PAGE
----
>>Assume there's a user, alice@example.com, who uses her computer at 
>>work to download something from https://download.adobe.com. Her 
>>company hasa next-generation firewall called sslproxy.example.com. 
>>Alice is aware of this proxy, but has been told that the proxy is only 
>>used for detecting malware and blocking time wasters like Farmville 
>>and OKBridge. Specifically the IT people and her bosses do not have 
>>access to the plaintext. This is not enforced in any technical way - 
>>but Alice trusts the IT department to keep their word.
>>
>>Another thing to note is that there are actually two components to the 
>>mandatory proxy. There's the proxy, which deals in HTTP(S), and then 
>>there's the firewall which prevents E2E communications. They may be 
>>co-located, but then don't have to be.
>>
>>
>>Step #1 - Where the browser detects the proxy
>>=============================================
>>[If everything is pre-configured, this step may be skipped, but that 
>>makes moving to another network where that particular proxy is not 
>>present more difficult.]
>>The browser resolves download.adobe.com, and opens a connection to 
>>download.adobe.com port 443. The firewall blocks this. I'm not sure it 
>>it's preferable to block this with some ICMP or with a new TLS alert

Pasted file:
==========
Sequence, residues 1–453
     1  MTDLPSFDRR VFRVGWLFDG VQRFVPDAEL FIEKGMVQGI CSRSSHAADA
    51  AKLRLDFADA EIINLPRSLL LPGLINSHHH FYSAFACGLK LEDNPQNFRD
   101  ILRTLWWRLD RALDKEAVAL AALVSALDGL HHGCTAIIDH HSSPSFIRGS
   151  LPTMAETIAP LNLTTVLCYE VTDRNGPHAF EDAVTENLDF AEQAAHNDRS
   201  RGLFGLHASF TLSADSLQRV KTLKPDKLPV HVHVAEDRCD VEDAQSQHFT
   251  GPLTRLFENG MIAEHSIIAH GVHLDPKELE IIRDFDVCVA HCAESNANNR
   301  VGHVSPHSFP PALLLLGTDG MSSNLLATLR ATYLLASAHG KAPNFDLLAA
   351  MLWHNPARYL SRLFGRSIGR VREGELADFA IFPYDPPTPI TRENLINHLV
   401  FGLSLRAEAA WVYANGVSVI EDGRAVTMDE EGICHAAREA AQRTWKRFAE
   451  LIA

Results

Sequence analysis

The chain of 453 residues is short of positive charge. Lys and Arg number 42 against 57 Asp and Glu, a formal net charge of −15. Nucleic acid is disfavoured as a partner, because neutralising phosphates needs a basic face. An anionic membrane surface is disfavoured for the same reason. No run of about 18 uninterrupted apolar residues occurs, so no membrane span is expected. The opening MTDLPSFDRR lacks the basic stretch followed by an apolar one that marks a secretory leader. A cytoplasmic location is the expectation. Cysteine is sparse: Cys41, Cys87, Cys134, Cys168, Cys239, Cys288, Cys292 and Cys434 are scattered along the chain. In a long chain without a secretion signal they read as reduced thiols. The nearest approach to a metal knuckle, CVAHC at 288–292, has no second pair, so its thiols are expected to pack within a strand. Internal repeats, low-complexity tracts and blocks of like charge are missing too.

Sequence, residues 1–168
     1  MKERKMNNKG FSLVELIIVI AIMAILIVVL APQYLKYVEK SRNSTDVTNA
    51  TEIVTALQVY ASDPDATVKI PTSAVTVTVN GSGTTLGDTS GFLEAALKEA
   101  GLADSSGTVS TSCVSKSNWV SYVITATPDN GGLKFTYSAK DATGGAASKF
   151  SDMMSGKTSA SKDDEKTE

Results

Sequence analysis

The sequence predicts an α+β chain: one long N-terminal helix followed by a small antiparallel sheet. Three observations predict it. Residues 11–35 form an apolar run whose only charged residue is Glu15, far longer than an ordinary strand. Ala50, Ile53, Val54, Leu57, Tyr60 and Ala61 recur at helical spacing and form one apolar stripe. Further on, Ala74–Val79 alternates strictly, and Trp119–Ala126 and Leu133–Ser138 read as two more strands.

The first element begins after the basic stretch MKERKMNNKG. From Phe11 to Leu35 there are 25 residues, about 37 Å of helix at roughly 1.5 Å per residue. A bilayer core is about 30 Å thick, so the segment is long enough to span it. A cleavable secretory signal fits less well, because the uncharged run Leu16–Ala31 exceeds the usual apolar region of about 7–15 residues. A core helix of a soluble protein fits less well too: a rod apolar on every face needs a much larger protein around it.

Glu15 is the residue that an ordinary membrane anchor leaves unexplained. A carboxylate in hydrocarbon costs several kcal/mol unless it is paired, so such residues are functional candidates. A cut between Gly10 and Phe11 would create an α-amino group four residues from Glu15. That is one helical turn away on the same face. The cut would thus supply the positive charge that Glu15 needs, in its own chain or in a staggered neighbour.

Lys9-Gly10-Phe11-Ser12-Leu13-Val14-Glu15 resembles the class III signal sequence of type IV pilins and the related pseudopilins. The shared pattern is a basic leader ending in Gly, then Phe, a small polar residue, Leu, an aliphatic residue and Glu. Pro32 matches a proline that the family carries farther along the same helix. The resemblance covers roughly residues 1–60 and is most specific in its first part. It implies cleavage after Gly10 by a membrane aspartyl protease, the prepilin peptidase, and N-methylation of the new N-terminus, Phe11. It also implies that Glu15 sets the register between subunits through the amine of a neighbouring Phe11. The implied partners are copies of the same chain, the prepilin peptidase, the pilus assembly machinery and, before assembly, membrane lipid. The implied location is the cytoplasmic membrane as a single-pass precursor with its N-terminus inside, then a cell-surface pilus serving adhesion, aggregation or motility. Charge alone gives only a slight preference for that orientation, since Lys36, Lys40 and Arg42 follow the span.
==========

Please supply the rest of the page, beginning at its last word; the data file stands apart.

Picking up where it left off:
>>(so the firewall completes the 3-way TCP handshake, receives the 
>>ClientHello and only then sends the error), but I'm tending towards 
>>the latter. The new TLS alert is called "mandatory proxy" and contains 
>>the URL of that proxy: https://sslproxy.example.com:443
>>
>>
>>Step #2 - Connecting to the proxy
>>=================================
>>
>>The browser consults local policy about whether such a proxy might be 
>>acceptable, and if so, opens a new TLS connection to the proxy and 
>>verifies the certificate. This allows adding some clever UX that shows 
>>the user what device is on-path, and also allows pre-configuring the 
>>trusted proxy based on name.
>>I realize that this is where security will be made or broken. It's 
>>tempting to solve this with some message like this:
>>+-----------------------------------------------------------------------+
>>| Warning: an HTTPS proxy was detected on the path to